During the Pennsylvania Senate debate on Wednesday night, Republican Pat Toomey and Democrat Joe Sestak each tried to paint the other as too extreme to represent the Keystone state. Both candidates came well-armed with their talking points and were fairly well-matched rhetorically. Toomey was businesslike and bland, while Sestak spoke in hushed "more-in-sadness-than-in-anger" tones, with the occasional flash of indignation.
Sestak portrayed himself as an advocate of “we the people, not we the marketplace or the corporation,” and said Toomey would hand Social Security over to Wall Street. Toomey wasn’t shy about reforming Social Security for younger workers, and painted Sestak as a far-left tax-and-spend liberal. Rattling off a list of all the liberal agenda items Sestak supported, Toomey said: “Joe’s voted for all the bailouts, the nationalizing of whole industries, the staggering spending, the stimulus, cap-and-trade, card-check, government-run health care. In each case, Joe distanced himself from the mainstream of Congress and said these things should go further.”
Sestak said at one point that Toomey "sounds like my parrot at home -- again and again, offering no solutions.”
It wasn’t a surprise to see Toomey, former head of the Club for Growth, rail against corrupt and wasteful earmarks, but it was a bit surreal to see both candidates running for appropriator Arlen Specter’s Senate seat swear off pork. “I’m the only congressman up here with a piece of legislation to end earmarks,” Sestak said.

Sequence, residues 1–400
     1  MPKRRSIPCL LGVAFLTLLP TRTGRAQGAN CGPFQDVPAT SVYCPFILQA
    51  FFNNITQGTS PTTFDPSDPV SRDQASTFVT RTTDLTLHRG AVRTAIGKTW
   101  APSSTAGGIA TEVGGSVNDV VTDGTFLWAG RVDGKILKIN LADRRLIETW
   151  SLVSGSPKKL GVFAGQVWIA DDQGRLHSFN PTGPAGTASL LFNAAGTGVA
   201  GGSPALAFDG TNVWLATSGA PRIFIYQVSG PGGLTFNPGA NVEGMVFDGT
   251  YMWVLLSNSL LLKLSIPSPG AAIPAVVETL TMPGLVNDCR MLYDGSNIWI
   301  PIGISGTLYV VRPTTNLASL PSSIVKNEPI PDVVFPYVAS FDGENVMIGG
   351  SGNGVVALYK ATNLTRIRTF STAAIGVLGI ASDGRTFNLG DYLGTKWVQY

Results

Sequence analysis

When the debate turned to foreign policy, Sestak, a former admiral in the Navy who was fired in 2005 by then-Navy secretary Mike Mullen, burnished his credentials as “the most senior officer ever elected to Congress.” When Toomey said it is “extremely dangerous for us to leave precipitously” from Afghanistan in July 2011, Sestak shot back: “I have not supported that deadline at all.”
Sestak criticized Toomey for voting for the Iraq war, but tried to sound hawkish on Iran, saying that the “military option should never be taken off the table, but it should be at the back of the table.” He said a military strike is the “last option I would support … but we are far from that period right now.”
“I think it is unacceptable for the United States to tolerate a nuclear-armed Iran," Toomey replied. "This is a very, very dangerous regime. It’s a serious security threat to the United States. And it is an existential threat to our good friend and ally Israel.”
Toomey then said that Sestak had shown his hostility toward Israel by “speaking to an organization that embraces Hamas,” a reference to Sestak's speech at a Council on America-Islamic Relations fundraiser, and aligning “himself with that small, very extreme element of the House that is least friendly to Israel, that is in fact, in some ways, hostile to Israel, that urged the administration to pressure the Israeli government to ease the blockade of Gaza. A very big mistake.” Sestak replied that he was tough on Iran sanctions and favored designating the Iranian Revolutionary Guard Corps as terrorists.